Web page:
Many people, and especially many chronic pain sufferers, learn that certain emotions are not safe.
Growing up sometimes we have certain experiences where we learn that certain emotions are not okay. I had a patient a long time ago who was locked in her closet every time she cried, so she actually learned that the emotion of sadness was not okay. So whenever a feeling of sadness would come up, she would get anxiety or a migraine headache or something like that.
There's a lot of different ways that you could learn that certain emotions aren't safe. Another example is if you have a parent that gets really overwhelmingly sad all the time, or has anger outburst all the time, you could actually learn that those emotions aren’t safe because of your relationship with them. So you could grow up and do the opposite by never feeling those emotions, because you run in the opposite direction of the way your parents are. There’s a lot of different reasons why people could learn that emotions are dangerous.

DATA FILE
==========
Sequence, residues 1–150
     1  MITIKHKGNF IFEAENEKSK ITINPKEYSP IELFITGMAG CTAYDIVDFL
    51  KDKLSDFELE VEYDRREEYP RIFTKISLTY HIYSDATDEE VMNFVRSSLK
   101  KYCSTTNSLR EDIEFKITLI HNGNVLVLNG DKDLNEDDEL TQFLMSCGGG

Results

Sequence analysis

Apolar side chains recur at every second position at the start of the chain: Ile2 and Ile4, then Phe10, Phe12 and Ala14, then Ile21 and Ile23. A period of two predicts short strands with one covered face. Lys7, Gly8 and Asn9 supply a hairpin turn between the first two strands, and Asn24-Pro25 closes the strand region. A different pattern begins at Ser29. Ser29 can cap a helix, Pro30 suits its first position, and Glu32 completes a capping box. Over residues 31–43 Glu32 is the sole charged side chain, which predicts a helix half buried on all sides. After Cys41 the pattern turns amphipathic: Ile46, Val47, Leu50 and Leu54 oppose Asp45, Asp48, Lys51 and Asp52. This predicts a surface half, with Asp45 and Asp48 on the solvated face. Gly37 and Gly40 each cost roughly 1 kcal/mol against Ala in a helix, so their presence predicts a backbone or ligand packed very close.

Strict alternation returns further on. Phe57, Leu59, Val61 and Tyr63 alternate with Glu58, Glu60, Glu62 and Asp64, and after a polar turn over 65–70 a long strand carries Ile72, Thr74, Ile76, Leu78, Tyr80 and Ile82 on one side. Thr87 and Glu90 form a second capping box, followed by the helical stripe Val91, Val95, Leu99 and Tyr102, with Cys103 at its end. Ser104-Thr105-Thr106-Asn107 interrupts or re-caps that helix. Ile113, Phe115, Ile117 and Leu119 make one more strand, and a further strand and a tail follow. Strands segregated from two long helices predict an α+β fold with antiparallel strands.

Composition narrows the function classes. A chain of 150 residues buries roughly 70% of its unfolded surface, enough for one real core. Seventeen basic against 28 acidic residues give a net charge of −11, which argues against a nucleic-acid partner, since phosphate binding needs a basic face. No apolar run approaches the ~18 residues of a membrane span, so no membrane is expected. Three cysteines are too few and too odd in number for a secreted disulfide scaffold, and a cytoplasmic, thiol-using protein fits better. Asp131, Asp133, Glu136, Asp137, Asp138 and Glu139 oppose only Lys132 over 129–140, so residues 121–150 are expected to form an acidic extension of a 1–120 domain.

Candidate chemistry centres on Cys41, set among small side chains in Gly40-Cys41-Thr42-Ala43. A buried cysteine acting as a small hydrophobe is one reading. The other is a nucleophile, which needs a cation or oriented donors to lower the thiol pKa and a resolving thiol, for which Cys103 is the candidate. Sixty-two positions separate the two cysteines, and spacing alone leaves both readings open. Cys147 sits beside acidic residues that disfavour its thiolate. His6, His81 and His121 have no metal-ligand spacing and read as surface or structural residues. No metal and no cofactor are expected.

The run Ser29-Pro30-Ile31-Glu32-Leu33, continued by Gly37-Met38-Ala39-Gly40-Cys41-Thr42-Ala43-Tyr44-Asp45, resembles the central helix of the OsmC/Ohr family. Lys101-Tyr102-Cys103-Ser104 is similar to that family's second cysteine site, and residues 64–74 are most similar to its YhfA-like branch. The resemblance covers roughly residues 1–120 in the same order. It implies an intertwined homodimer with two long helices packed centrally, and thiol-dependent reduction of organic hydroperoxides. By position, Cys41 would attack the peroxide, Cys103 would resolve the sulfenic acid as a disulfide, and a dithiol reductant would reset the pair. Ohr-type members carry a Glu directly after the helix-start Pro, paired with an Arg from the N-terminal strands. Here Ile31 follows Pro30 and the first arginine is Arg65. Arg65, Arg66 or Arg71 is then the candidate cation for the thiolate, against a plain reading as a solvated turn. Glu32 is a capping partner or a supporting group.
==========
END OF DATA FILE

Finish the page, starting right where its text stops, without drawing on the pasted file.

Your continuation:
We’ve talked a lot in the past about how pain is a danger signal, and the goal is to actually teach your brain that the sensation it is interpreting as dangerous is actually safe. We want to do the same thing with emotions. Your brain initially learned that this emotion wasn't safe, and we want to correct that misinterpretation by teaching your brain that it is in fact safe.
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